Let go of the comparisons that trigger anxiety. Social comparison theory explains our natural tendency to compare ourselves to others. We make these comparisons to foster self-improvement, self-motivation, and a positive self-image. The challenge today is that many of these comparisons occur through social media, where people post what’s frequently described as the highlight reel of their lives or a perfect digital version of themselves and their experiences. What we see on social media may look like everyone else is having fun and living a problem-free life. Natalie can dig into her nursing background with patients to remind herself that nobody’s life is perfect and that everyone has struggles. She can use habits like gratitude reflection to help her be content with what she has.

Reduce her use of social media and tech­nology. Researchers have found that frequent use of technology such as smartphones along with time spent on social networking sites exacerbates FOMO and increases anxiety. To help reduce FOMO, Natalie might want to consider what Cal Newport, associate professor of computer science at Georgetown University, describes as a digital detox or decluttering. She could begin by monitoring her screen time and setting boundaries on how connected she is. She should reflect on how platforms like Facebook, Twitter, and Instagram impact her time and increase her anxiety, and then consider eliminating some of them. Newport contends that reducing screen time also enables us to do more of the deep work that’s required in leadership to make good decisions.

Learning to be content

Mark Twain wrote that “comparison is the death of joy.” However, learning to be content with our own lives can be challenging. Like many young leaders today, Natalie grew up as a digital native with continuous access to social media, so she’s at high risk for FOMO. Working diligently to overcome her fear will be the path to a happier and less stressful life. It also will help her be a more effective leader.

Rose O. Sherman is adjunct professor at the Marian K. Shaughnessy Nurse Leadership Academy, Case Western Reserve University in Cleveland, Ohio, and author of the book The Nurse Leader Coach: Become the Boss No One Wants to Leave. You can read her blog at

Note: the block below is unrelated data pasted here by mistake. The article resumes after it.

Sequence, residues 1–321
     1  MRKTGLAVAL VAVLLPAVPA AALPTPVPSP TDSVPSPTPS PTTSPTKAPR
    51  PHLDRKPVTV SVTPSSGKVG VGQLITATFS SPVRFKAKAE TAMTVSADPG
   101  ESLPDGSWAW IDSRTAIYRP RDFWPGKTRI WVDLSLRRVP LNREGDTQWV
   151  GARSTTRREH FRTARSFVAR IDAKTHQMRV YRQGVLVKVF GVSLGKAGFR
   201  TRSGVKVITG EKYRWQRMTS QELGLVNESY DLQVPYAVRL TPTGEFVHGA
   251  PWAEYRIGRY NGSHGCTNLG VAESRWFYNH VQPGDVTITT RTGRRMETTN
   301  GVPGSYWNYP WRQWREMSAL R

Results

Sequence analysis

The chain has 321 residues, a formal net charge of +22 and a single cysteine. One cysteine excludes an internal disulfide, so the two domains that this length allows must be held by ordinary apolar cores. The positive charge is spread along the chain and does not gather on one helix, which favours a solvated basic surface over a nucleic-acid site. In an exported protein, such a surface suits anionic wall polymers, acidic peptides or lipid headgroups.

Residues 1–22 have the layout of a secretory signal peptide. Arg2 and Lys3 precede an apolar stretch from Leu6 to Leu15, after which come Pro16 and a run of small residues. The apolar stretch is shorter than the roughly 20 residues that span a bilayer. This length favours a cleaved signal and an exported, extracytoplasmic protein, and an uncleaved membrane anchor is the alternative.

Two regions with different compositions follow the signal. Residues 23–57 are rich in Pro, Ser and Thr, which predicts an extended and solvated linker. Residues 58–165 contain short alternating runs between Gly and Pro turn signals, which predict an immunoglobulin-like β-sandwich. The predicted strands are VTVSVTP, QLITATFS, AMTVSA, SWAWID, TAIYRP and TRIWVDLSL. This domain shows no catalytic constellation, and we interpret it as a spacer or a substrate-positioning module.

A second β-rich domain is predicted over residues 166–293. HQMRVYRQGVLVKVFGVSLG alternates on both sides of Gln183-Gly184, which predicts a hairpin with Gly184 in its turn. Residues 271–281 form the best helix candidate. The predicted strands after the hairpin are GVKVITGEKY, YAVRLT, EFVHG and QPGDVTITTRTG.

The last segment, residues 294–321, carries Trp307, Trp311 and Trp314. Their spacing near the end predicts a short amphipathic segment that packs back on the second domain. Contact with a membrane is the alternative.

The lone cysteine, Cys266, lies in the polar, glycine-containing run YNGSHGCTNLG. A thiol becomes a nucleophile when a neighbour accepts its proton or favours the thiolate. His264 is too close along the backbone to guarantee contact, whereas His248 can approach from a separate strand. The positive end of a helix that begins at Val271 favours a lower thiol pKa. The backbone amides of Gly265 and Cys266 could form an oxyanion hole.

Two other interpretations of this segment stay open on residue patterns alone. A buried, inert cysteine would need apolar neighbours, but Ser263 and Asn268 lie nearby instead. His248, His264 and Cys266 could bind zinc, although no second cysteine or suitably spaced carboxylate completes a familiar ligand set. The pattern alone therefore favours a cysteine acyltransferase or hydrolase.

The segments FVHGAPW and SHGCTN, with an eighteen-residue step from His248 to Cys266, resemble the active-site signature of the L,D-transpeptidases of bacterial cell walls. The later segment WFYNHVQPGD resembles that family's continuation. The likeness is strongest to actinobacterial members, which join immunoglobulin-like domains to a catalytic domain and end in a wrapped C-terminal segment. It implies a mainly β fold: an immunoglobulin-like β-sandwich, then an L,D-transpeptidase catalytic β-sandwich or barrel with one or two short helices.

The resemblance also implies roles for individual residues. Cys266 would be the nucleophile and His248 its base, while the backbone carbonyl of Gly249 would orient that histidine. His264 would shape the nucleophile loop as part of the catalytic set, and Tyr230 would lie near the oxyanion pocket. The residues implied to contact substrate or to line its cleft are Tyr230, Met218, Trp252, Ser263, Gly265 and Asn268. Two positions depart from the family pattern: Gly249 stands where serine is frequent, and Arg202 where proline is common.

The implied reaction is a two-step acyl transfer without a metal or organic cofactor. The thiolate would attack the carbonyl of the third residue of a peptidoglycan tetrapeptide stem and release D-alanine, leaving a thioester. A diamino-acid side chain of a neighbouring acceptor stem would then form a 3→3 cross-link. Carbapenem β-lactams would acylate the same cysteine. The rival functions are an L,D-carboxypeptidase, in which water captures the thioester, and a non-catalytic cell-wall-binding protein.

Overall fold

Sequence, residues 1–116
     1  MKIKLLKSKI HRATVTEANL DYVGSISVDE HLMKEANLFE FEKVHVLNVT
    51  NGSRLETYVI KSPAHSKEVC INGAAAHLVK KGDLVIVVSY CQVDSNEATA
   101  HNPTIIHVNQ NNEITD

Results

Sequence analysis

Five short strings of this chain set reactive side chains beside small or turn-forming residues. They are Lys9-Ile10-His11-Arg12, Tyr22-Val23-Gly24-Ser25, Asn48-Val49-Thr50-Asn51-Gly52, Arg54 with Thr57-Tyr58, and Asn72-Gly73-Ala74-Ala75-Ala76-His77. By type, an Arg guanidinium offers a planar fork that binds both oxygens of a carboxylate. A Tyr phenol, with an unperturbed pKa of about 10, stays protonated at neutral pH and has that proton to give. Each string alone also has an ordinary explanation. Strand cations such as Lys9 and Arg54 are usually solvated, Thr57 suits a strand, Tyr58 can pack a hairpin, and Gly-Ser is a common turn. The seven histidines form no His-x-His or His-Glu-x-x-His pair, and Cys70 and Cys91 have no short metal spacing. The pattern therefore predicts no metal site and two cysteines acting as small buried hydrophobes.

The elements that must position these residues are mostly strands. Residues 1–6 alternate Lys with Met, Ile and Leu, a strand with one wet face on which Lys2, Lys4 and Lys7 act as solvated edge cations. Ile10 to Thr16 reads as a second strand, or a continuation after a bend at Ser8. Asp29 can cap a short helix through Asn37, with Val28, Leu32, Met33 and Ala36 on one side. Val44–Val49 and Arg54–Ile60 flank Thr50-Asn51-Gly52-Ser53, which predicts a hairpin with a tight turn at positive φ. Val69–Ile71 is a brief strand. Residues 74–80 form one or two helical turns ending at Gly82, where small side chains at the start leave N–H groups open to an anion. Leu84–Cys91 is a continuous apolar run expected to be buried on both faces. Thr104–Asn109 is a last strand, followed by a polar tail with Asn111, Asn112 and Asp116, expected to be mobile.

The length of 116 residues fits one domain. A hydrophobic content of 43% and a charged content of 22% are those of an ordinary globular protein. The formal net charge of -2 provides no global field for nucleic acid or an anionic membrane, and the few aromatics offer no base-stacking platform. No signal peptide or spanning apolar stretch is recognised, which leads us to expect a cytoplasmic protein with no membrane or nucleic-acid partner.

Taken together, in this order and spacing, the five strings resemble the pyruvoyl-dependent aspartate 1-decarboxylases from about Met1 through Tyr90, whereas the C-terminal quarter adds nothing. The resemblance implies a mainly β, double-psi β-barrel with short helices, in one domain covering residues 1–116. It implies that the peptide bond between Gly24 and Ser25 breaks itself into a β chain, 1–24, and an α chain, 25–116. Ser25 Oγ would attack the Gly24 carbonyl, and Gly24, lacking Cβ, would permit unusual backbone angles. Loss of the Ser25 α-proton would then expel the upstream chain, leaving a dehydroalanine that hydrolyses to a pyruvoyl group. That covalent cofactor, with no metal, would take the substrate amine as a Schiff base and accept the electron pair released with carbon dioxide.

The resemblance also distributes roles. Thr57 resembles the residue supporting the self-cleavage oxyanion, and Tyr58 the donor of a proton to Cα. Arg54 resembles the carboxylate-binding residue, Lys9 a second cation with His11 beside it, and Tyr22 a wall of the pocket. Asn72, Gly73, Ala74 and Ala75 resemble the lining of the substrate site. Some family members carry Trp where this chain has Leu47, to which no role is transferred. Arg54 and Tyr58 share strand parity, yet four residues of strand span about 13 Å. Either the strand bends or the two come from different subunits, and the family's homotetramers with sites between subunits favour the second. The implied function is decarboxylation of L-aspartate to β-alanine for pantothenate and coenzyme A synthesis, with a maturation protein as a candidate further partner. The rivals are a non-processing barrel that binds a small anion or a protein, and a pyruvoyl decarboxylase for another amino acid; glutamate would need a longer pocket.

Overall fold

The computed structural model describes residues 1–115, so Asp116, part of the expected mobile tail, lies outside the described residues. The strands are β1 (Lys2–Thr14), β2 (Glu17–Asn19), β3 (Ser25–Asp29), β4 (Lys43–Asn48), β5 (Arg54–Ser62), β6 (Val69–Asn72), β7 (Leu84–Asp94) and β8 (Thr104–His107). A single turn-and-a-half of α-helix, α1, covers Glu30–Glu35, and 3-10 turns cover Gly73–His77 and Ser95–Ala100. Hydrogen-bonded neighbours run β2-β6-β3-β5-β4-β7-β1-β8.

*Name is fictitious.


Change methodology. NeuroLeadership Institute. Change methodology.

Dempsey AE, O’Brien KD, Tiamiyu MF, Elhai JD. Fear of missing out (FoMO) and rumination mediate relations between social anxiety and problematic Facebook use. Addict Behav Rep. 2019;9:100150.

Graham LH. Is fear of missing out instrumental in understanding health outcomes related to social media use? Am J Med Res. 2018;5(1):67-72.

Leon Festinger’s Social Comparison Theory. The Psychology Notes HQ. February 13, 2020.

Newport C. Digital Minimalism: Choosing a Focused Life in a Noisy World. New York: Portfolio/Penquin; 2019.

McGinnis PJ. How to dump FOMO in 2018.

Przybylski AK, Murayama K, DeHaan CR, Gladwell V. Motivational, emotional, and behavioral correlates of fear of missing out. Comput Human Behav. 2013;29(4):1841-8.

Reiche S. FOMO and FOBO that leaders should be aware of. Expatriatus. April 23, 2019.

Schreckinger B. The home of FOMO. Boston Magazine. July 29, 2014



1 Comment. Leave new

  • Samantha Blanc, RN, BSN
    May 5, 2020 8:18 am

    I am writing in response to an article written by Sherman “Confronting the fear of missing out.” The article is based upon leadership burnout and discusses the strategies to alter behaviors to help deal with the mentality of the fear of missing out (FOMO). Although the article did demonstrate ways to alleviate this anxiety provoking thought, the article was lacking in portraying the impact that leaders dealing with FOMO can have on team members. I believe in order to get the point across and accurately explain the devastation it can have on the individual then the impression and environment created by said leader needed to be illuminated. Some individuals do not understand the impact of their addictive behaviors, as FOMO is expressed by the author, until the clarity of the damage the actions have on others is brought to light.

    The fear of missing out has significantly increased with the development of advanced technology and having social media available at the drop of a hat. As indicated in the article, FOMO can cause anxiety, depression, distracted learning, decrease satisfaction, and can drastically impact the decision making ability; however, the personalities impacts such as irritability and lack of self-esteem were not explored even though these are significant to a leader’s ability to lead others while creating a healthy work environment. Individuals who experience irritability can become hostile and the lack of self-esteem can impact their ability to motivate others as well as remain confident in their leading abilities. These toxic behaviors can impact not only productivity of the group, but as health care leaders it can impact the care provided to our patients. Aligning the person’s thoughts to understand the impact it can have on patients and team members will motivate the change needed to confront the fear of missing out indicated by the author. As nurses, we want to help others and realizing the impact our actions on others can be the driving force needed to start the journey towards a better leader.

    Samantha Blanc, RN, BSN
    Orthopedic Surgical Service Line Coordinator